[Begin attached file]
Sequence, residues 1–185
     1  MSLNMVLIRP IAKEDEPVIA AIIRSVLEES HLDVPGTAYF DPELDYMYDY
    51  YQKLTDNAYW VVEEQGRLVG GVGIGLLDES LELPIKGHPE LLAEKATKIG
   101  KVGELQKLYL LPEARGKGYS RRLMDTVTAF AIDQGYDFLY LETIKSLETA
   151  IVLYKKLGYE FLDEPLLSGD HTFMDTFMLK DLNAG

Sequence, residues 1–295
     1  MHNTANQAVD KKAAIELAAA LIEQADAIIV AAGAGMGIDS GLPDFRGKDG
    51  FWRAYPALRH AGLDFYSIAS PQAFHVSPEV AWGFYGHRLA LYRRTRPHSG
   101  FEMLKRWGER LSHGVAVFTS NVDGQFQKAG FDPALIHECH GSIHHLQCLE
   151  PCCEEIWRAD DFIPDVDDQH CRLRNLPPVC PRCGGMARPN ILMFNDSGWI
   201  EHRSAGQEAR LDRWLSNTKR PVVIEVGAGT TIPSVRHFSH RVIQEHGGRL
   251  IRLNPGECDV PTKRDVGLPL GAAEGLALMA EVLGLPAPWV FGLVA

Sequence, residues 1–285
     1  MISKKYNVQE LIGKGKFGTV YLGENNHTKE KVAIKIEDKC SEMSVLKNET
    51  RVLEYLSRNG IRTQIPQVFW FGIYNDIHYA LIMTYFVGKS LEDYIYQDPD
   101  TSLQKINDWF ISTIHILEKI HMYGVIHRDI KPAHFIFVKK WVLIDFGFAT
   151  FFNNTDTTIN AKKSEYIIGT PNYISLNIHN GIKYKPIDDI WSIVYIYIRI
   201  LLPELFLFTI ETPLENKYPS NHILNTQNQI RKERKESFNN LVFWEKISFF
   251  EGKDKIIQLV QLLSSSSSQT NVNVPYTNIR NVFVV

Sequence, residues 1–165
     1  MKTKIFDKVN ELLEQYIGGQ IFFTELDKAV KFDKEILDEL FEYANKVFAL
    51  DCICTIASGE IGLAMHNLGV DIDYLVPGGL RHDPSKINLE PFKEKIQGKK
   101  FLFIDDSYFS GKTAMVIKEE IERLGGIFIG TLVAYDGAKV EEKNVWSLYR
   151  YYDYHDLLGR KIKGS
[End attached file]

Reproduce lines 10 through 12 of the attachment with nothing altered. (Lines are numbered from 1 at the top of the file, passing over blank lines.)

   151  PCCEEIWRAD DFIPDVDDQH CRLRNLPPVC PRCGGMARPN ILMFNDSGWI
   201  EHRSAGQEAR LDRWLSNTKR PVVIEVGAGT TIPSVRHFSH RVIQEHGGRL
   251  IRLNPGECDV PTKRDVGLPL GAAEGLALMA EVLGLPAPWV FGLVA